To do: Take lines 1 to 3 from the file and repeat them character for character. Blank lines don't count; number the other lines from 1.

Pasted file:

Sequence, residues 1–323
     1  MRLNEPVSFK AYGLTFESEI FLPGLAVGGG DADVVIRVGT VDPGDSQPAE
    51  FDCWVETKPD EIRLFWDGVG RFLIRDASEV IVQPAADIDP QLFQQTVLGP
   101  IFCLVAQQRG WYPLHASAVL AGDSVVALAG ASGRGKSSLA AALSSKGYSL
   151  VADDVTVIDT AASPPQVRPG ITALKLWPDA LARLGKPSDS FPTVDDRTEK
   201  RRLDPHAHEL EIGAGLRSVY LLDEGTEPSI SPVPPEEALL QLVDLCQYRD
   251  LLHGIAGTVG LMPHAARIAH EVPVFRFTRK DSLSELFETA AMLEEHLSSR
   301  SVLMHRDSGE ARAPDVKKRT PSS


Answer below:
Sequence, residues 1–323
     1  MRLNEPVSFK AYGLTFESEI FLPGLAVGGG DADVVIRVGT VDPGDSQPAE
    51  FDCWVETKPD EIRLFWDGVG RFLIRDASEV IVQPAADIDP QLFQQTVLGP